Sharapova will play her sixth Grand Slam final at the Australian Open on Saturday against Azarenka, who is making her debut. And it isn’t just a major title on the line – the winner will claim the No. 1 ranking.
Four years after winning the last of her three major titles and approaching eight years since she lifted the Wimbledon trophy at 17, Sharapova has another chance to add to her Grand Slam haul.
“It means so much to be back in a Grand Slam final,” Sharapova said. “It’s nice to get that far again after losing quite early in the last couple of years.”
Now 24, Sharapova has already been on tour long enough to experience the ups and downs of tennis. After winning the Australian Open in 2008, she underwent shoulder surgery that took her out of the game for nine months.
It took much longer for her to get back to her peak, and she lost at the Australian Open before the quarterfinals on her past two visits. She reached the Wimbledon final last year, but lost to Petra Kvitova – the player she beat in Thursday’s semifinals.
“With the shoulder, I knew some examples of some people that did not quite recover from surgery and that was a little frightening, but I really had no option,” she said. “Of course it took a long time and it was a process, but it was just something that was in my steps that I had to go through. And I did.”
Azarenka worked on her fitness in the off-season, giving her the confidence to know she can play “as long as I need.”
Azarenka might take added confidence from two previous wins over Sharapova in hardcourt finals in Stanford and Miami. They share a 3-3 record overall.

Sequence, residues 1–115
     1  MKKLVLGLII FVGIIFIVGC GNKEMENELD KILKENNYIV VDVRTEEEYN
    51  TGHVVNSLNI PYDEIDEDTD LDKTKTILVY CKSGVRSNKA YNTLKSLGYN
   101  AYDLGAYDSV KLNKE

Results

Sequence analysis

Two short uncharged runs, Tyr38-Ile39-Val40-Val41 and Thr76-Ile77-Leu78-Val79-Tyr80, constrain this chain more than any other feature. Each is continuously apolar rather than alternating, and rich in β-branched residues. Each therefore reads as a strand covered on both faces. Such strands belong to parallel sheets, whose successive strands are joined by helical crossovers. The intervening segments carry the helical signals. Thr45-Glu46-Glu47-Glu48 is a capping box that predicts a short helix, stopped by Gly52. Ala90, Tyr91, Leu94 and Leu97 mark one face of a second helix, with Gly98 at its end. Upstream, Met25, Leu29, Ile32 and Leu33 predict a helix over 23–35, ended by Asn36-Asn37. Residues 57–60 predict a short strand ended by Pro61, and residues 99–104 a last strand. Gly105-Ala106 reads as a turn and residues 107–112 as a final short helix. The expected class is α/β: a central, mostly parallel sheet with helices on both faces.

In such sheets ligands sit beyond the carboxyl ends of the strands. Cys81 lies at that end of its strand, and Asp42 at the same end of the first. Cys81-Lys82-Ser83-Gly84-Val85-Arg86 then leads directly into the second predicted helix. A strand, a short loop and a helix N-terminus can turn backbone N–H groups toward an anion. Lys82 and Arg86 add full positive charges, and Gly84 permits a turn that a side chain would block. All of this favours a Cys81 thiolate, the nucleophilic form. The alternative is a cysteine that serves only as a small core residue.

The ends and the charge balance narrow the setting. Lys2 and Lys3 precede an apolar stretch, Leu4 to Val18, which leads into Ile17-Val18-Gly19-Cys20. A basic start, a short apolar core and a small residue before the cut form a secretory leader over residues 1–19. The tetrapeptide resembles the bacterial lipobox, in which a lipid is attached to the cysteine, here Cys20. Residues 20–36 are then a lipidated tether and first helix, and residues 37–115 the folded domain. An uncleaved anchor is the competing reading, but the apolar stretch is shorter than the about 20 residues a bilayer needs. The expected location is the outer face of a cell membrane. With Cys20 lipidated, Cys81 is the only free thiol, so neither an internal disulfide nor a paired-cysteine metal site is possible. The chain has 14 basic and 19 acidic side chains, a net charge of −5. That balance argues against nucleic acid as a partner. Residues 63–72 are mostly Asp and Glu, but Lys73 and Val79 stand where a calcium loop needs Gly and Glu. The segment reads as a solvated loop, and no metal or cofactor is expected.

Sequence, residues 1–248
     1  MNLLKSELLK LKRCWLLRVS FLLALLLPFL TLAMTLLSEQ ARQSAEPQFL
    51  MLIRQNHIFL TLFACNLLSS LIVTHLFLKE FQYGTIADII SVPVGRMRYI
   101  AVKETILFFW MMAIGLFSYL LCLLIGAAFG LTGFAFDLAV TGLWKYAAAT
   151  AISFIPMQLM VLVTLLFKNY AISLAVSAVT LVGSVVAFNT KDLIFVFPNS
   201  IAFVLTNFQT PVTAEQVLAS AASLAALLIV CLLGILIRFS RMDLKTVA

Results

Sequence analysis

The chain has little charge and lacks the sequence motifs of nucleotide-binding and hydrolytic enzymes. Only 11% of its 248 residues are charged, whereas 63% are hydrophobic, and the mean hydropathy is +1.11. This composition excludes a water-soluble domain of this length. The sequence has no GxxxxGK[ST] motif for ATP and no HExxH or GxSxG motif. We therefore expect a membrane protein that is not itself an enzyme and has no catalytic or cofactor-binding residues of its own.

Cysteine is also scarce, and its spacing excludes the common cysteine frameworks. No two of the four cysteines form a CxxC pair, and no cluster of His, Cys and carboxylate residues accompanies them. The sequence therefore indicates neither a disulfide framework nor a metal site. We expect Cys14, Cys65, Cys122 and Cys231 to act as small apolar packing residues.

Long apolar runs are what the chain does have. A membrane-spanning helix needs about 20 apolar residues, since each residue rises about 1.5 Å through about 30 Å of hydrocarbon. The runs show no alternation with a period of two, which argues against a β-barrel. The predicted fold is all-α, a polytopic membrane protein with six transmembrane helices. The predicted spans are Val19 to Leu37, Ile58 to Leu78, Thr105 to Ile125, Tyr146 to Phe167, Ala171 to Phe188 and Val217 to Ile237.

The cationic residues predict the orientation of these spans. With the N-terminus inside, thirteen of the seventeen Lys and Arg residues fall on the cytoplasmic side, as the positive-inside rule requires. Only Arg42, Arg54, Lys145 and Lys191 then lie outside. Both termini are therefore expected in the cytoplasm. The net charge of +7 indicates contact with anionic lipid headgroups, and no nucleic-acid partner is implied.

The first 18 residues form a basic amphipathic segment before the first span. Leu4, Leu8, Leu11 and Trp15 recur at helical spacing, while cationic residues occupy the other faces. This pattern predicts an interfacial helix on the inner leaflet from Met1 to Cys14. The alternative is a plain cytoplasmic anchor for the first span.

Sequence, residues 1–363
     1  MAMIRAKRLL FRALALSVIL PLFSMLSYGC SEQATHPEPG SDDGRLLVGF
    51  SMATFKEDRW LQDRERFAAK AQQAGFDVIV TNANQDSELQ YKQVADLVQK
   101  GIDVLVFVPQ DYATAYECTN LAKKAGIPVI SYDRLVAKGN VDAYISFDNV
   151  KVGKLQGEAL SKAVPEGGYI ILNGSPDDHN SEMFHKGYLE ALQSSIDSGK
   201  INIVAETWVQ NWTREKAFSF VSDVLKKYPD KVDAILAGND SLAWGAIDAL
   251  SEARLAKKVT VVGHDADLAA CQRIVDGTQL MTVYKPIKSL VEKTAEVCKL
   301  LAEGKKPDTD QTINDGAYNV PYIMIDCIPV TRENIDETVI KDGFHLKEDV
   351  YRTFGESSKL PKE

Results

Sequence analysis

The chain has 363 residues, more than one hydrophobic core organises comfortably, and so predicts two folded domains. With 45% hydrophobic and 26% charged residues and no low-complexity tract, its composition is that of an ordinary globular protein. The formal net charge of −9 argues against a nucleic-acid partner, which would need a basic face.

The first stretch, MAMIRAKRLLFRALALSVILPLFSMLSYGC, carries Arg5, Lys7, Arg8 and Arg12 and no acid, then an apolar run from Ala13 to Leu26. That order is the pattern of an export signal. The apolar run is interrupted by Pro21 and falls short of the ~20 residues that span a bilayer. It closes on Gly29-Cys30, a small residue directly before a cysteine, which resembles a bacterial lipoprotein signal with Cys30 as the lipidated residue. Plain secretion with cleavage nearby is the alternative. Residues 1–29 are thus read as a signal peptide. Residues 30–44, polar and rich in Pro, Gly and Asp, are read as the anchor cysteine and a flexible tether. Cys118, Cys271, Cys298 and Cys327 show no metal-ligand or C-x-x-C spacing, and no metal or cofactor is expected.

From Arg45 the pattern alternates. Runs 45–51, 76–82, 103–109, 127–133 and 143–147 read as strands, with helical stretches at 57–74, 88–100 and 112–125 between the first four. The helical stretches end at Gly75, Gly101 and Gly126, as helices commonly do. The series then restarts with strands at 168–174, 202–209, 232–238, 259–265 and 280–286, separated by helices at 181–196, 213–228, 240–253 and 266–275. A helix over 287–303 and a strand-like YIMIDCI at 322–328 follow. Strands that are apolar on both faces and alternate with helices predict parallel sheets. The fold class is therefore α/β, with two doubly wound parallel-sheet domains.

“She’s a really, really good player, and I haven’t had great success against her in the last couple of events that we’ve played against each other,” Sharapova said. “I’d really like to change that. It will be important to tactically play right. She makes you hit a lot of balls and she’s aggressive as well.”
The Florida-based Russian often speaks like a veteran of the game – and she showed her experience in dealing with the media in the way she swatted away persistent questions about her grunting when she hits the ball.
“No one important enough has told me to change or do something different,” she said after her quarterfinal win. “I’ve answered it many times before. I’m sure I’ll answer it many more times ahead. I’m OK with that.”
Two of the noisiest players in the women’s game go head-to-head in the final. The WTA says its looking at ways to reduce the practice, which it acknowledges has become “bothersome” for some fans.
Any action is likely to start with younger players. Sharapova and Azarenka say it has been part of their game as youngsters, and neither has any intention of changing.
Azarenka’s high-pitched hooting has been mimicked by the crowd at times during her Australian Open run, but the 22-year-old Belarusian has maintained her composure.
By beating defending champion Kim Clijsters in the semifinals, the third-seeded Azarenka took her winning streak to 11 matches after claiming the Sydney International title before the Australian Open.
Like Sharapova, Azarenka has dropped two sets in Melbourne, including one against Clijsters in the semis.
It could have been much worse against the Belgian. Leading 4-2 against the four-time Grand Slam champion and crowd favorite, Azarenka was broken back after holding five game points.
She broke right back and after a nervy double-fault on her first match point, closed out the win.
She said her ability to finish off the match against Clijsters is because of hard work and experience.